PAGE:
I wish to acknowledge the following sources of photographs used in this document. Without the vision of the people cited below, this work would also not have been possible. All work is used with the permission of the copyright holders. I will be forever grateful to all those whose work is used here.
All of the panoramic photographs used in this work are my own. All other photographs are also my own unless otherwise acknowledged below.
The photographs on the pages from Secrets from the Center of the World were all taken by Stephen E. Strom and are used with his blessing. The second photograph of the Bisti Badlands, the Shiprock, Zuni mesas, and the Abiquiu cliffs photographs were also taken by Stephen Strom.
The photographs of the items from the Rain exhibit at the Heard Museum are used with their permission and cooperation. They appear in an article on the exhibit by Ann Marshall in Native Peoples Magazine, ssss 199x issue. The same is true of the photograph of the Emergence of the Clowns sculpture.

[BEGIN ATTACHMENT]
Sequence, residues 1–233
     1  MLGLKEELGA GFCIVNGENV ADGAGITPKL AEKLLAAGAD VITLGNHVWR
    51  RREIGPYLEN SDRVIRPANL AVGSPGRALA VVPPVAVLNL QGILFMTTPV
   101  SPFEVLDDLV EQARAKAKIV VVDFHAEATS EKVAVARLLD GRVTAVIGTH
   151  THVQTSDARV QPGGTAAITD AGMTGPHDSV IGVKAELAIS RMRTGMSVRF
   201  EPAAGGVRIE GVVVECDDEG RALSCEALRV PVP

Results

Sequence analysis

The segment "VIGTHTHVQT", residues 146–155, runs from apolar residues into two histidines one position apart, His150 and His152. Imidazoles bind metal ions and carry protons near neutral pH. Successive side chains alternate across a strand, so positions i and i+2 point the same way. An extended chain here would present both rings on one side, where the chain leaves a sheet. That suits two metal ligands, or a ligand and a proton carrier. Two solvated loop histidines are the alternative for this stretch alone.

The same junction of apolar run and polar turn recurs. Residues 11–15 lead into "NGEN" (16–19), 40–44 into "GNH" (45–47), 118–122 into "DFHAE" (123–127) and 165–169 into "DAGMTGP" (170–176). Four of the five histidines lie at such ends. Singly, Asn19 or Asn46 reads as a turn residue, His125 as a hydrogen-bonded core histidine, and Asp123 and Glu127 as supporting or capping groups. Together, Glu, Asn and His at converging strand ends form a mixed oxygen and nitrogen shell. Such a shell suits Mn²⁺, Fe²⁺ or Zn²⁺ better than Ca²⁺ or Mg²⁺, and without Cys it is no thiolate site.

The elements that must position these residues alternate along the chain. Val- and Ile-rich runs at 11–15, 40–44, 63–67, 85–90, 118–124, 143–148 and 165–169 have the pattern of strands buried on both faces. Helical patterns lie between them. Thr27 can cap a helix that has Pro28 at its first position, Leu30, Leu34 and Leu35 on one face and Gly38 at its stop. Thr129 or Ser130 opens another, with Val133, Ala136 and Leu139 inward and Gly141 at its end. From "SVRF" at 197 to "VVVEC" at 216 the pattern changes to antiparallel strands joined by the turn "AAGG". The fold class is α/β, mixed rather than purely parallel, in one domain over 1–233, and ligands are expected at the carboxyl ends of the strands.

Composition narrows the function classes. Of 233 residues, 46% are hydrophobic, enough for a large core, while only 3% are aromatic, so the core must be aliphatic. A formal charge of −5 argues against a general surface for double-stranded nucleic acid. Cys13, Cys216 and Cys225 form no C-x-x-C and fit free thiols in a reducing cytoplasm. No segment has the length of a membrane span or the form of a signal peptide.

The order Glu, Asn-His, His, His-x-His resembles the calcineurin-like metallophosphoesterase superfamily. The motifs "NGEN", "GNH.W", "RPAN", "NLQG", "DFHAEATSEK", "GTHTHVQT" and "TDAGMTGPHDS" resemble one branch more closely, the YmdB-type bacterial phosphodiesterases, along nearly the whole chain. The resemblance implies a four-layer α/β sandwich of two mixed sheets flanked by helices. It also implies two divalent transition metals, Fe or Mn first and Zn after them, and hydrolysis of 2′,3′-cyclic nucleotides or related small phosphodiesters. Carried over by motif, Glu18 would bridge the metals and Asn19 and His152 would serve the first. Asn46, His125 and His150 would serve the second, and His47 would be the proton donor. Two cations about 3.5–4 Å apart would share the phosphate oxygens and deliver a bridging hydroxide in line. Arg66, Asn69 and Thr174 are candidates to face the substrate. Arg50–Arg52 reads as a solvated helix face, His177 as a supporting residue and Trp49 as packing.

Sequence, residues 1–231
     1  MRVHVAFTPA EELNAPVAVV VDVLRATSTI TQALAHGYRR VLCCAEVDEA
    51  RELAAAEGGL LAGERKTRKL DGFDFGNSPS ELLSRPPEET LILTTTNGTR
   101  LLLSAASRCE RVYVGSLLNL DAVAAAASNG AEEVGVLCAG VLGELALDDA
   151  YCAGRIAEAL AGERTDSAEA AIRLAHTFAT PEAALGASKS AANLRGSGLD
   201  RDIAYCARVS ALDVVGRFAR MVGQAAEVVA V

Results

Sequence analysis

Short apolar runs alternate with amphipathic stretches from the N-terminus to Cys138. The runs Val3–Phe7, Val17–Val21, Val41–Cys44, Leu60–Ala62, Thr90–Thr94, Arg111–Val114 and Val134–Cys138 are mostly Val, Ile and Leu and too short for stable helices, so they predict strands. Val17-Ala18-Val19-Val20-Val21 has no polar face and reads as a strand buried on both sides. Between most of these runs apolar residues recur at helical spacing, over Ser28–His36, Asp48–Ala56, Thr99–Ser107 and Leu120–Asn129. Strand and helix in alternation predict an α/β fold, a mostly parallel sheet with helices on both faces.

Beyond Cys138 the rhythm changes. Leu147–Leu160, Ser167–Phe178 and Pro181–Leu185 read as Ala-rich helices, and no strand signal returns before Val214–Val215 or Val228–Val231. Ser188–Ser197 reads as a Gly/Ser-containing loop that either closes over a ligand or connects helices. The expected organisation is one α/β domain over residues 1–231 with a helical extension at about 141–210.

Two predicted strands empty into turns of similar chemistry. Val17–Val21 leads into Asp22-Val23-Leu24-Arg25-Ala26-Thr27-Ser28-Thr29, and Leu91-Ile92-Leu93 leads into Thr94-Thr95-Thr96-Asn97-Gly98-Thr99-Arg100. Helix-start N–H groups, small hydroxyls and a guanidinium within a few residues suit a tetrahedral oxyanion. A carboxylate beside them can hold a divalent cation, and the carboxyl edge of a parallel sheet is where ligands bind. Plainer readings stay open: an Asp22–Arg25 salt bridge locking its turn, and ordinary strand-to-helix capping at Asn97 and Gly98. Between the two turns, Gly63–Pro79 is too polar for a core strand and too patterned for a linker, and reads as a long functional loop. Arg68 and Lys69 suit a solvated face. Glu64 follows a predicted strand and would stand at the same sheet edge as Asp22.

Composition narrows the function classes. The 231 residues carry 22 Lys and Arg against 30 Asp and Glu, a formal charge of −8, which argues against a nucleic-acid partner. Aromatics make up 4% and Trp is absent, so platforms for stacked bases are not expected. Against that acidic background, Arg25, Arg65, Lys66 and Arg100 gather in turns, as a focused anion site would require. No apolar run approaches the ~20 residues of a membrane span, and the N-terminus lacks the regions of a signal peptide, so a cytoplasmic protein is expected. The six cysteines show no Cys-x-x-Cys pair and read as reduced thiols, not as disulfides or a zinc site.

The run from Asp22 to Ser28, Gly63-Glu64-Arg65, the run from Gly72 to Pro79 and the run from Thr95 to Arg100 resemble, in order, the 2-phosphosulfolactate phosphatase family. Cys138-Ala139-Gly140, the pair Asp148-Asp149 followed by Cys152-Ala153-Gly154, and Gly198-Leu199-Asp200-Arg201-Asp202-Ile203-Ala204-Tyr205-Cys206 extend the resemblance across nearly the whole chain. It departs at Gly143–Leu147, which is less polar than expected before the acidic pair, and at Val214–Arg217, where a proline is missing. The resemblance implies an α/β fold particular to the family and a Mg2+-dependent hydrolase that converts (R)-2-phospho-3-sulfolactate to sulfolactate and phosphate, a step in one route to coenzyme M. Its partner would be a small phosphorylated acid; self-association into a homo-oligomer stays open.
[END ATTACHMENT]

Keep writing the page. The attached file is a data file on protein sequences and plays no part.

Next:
The White Man's Moccasins photograph was taken by Lee Marmon, proprietor of the Blue-Eyed Indian Bookstore in Casa Blanca, NM.
The photographs of the sculptures of Nora Naranjo-Morse were taken by Mary Fredenburgh and appear in Nora's book Mud Woman, Poems from the Clay. The copyright is held by Nora Naranjo-Morse.
The trip map was made by Stephen R. Johns, then at the Southwest Research Institute. The cows photograph was taken from the backcountry page. The features map is a mosaic of the digital maps available from Ray Sterner at the Johns Hopkins Applied Physics Laboratory. The HTML interface was made available by Hal Mueller at Texas A & M University.
The watercolor of the sandpainting is used with the permission of the artist, Trudy Griffin-Pierce and appears in her book, Earth is my Mother, Sky is my Father, Space, Time, and Astronomy in Navajo Sandpainting.
The photograph of the petroglyphs near Zuni was taken by Suzan Edwards and is used with her blessings.
The photographs of the katchinas on the walls of the Zuni Mission were taken by Suzanne Page and appear in an article by one of the artists, Ken Seowtewa, in Native Peoples Magazine, Winter 1992 issue.
Back to the Table of Contents